The administration's high-powered push for new budget cuts stalled last night as top White House officials balked at a proposal by Senate Republicans to move ahead now with $163 billion in tax increases and spending cuts over the next three years.
Except for what can be cut from money bills now moving through Congress, the White House "wants to put a hold on everything" until next year, a Senate GOP source said after a two-hour meeting attended by Treasury Secretary Donald T. Regan, Office of Management and Budget Director David A. Stockman and White House chief of staff James A. Baker III.
Senate Budget Committee Chairman Pete V. Domenici (R-N.M.) said that the decision now rests with President Reagan and that he hopes for an answer today.
"If the president says he'd rather wait, then we'll decide where we go," Domenici said. But then he hastily added, "Certainly we're not going to move inconsistent with the president."
This means that unless Reagan overrules his three aides, which other Senate sources said they consider unlikely, the administration's so-called "September offensive" for new austerity measures to fight burgeoning deficits will go into hibernation until at least January.
Although the administration reportedly contended it would be easier to push for changes in one big package in connection with the 1983 budget that Reagan will propose in January, some senators, including Domenici, argue that delay will only make the job harder.
The administration continued to insist yesterday that it is sticking by its September program, which included $16 billion in spending cuts and tax increases for this year as part of a three-year package of $115 billion in savings atop those that Congress approved last summer. But it also continued to send out contradictory signals.
At the White House, deputy press secretary Larry Speakes said: "We think it's essential to hold down the 1982 budget as close as we can . . . we want it the September proposal all."
But at the same time, Regan was telling reporters that the administration has indefinitely postponed plans to ask Congress for $3 billion in tax increases for 1982, which was part of the September plan. And, according to Senate sources, cuts in benefit entitlement programs also would be postponed.
Regan also predicted yesterday that the economy would be "a real downer" for the rest of 1981, helping to push the budget deficit above $60 billion. He said economic activity is likely to fall at a 3-3 1/2 percent annual rate for the last three months of the year.
Yesterday's meeting, which brought together Reagan's budgetary high command with Majority Leader Howard H. Baker Jr. (R-Tenn.) and other Senate fiscal leaders, was the latest in a series of largely fruitless efforts in the last few weeks to negotiate a compromise that Congress can pass.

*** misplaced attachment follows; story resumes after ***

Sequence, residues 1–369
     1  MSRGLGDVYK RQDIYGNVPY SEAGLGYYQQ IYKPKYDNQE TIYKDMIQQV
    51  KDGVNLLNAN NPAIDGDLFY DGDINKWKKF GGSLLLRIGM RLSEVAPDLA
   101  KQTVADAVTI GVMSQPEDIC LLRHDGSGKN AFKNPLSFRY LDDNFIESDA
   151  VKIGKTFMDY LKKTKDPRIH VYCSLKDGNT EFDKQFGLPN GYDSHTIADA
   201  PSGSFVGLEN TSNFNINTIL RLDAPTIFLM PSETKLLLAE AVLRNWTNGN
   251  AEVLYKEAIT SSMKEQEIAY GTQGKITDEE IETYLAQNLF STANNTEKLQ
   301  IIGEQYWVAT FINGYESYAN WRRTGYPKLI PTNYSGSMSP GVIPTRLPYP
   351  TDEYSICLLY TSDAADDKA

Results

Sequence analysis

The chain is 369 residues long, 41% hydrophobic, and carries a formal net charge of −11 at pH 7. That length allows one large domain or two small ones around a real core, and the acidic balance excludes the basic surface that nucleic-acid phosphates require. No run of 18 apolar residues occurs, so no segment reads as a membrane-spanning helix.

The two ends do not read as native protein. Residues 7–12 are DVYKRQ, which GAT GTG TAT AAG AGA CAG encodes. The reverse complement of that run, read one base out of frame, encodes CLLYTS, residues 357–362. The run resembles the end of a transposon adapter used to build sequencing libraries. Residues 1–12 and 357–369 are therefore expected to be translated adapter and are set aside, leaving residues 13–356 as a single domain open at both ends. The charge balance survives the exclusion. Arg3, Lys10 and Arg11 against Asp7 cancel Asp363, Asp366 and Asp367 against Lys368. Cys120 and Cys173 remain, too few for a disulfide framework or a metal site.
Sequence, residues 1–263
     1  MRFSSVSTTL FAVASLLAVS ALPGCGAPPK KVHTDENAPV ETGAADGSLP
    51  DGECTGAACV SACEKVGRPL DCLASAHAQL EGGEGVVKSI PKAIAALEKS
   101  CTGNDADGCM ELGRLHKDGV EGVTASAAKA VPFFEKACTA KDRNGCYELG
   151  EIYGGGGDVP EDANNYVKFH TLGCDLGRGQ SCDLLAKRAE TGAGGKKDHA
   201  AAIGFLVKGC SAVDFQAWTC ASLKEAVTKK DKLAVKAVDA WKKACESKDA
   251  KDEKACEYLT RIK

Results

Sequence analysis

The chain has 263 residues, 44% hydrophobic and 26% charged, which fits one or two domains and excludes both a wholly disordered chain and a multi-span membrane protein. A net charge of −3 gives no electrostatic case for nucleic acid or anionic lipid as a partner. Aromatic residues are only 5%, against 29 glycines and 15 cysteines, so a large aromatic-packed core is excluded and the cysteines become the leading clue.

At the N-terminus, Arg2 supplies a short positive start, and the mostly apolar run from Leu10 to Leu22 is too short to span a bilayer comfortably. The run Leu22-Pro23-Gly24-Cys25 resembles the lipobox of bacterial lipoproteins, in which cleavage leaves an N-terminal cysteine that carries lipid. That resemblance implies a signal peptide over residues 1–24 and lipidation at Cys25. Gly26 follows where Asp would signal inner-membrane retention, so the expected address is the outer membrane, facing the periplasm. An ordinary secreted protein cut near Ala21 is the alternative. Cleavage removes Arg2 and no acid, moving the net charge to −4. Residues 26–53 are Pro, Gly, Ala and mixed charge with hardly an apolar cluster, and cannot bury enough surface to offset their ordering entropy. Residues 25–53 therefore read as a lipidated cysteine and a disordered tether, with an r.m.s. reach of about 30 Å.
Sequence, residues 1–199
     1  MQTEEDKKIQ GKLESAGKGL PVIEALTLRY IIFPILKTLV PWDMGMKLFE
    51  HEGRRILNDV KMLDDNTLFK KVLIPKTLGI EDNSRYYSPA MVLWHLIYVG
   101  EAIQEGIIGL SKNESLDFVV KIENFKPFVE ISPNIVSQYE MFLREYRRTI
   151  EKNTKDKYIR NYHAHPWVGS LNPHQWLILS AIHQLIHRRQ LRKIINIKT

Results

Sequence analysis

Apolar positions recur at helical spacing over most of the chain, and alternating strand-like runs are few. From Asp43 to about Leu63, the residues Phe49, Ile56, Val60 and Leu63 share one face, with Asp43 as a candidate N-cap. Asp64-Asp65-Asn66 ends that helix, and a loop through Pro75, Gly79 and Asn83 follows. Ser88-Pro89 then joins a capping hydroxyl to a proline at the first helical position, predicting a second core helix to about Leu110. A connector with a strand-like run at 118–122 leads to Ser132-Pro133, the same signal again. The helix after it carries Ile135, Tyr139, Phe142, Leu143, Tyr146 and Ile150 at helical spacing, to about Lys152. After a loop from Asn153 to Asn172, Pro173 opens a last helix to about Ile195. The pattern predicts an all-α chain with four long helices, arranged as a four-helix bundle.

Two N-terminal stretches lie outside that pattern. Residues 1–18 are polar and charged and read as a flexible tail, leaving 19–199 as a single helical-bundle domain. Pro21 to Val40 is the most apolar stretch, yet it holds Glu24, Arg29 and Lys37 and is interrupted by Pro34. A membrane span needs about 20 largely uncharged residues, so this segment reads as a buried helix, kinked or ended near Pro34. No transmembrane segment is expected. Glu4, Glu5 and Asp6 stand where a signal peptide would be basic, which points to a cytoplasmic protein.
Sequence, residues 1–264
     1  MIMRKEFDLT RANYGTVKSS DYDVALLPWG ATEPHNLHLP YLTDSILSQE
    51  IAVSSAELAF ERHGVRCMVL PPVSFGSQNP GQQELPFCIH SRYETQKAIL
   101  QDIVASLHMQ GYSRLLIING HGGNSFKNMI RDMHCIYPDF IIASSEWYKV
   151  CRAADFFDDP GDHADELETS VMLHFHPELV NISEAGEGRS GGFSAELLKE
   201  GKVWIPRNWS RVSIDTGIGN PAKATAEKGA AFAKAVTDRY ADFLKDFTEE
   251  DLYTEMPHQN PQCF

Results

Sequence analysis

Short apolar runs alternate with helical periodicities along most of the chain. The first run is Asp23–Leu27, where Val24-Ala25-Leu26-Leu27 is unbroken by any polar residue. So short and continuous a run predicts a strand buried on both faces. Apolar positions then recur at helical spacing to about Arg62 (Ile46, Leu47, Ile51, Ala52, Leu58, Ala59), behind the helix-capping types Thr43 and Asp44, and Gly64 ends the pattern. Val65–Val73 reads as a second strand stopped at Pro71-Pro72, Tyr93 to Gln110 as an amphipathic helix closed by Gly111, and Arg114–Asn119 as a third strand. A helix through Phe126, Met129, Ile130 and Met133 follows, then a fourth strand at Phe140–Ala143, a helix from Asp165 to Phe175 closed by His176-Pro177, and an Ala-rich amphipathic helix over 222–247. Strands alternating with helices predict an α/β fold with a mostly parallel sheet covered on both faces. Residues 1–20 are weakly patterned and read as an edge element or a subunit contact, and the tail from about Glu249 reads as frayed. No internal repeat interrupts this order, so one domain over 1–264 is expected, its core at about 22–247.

There is strong resistance among House Republicans to tax increases, but Domenici and other Senate Republicans have argued that tax increases in 1983 and 1984 will be necessary to achieve spending cuts sought by the administration as well as the balanced budget that Reagan once promised.
Congressional Republican leaders have agreed that Reagan cannot expect to get all, or nearly all, of the savings he wants for this year.
Last Friday, Reagan abandoned his campaign promise for a balanced budget by 1984 but continued to threaten to veto "budget-busting" appropriations bills, leaving open the question of tax increases for future years.
At yesterday's meeting, Senate sources said the White House representatives again mentioned vetoes of money bills and even "left the door open" to veto of the huge stop-gap funding bill that Congress must pass by Nov. 20 to keep the government operating.
A veto of this so-called continuing resolution could lead to a showdown between Congress and the White House, and the senators were reported to have strongly opposed such a strategy, which could lead to temporary paralysis of most of the federal government.
However, there is pressure from other quarters for a veto strategy as the only realistic chance the administration has for getting any savings this year.
Appropriations bills now moving through Congress, which would form the basis for spending levels for a new continuing resolution, fall considerably short of Reagan's September proposal for a 12 percent across-the-board cut from spending he had advocated in his March budget.
The Senate GOP plan anticipates only $6 billion in appropriations savings this year, with $2 billion from defense and $4 billion from non-defense programs. The plan would yield $13 billion in savings if entitlement and revenue initiatives are undertaken during fiscal 1982.
With substantial entitlement cuts and tax increases primarily in 1983 and 1984, the Senate plan would produce $163 billion by 1984, including cuts of $40 billion from entitlements and revenue increases of $48 billion.
This is considerably larger than Reagan's $115 billion package and, unlike it, would produce a budget surplus by 1984, according to Senate Budget Committee estimates.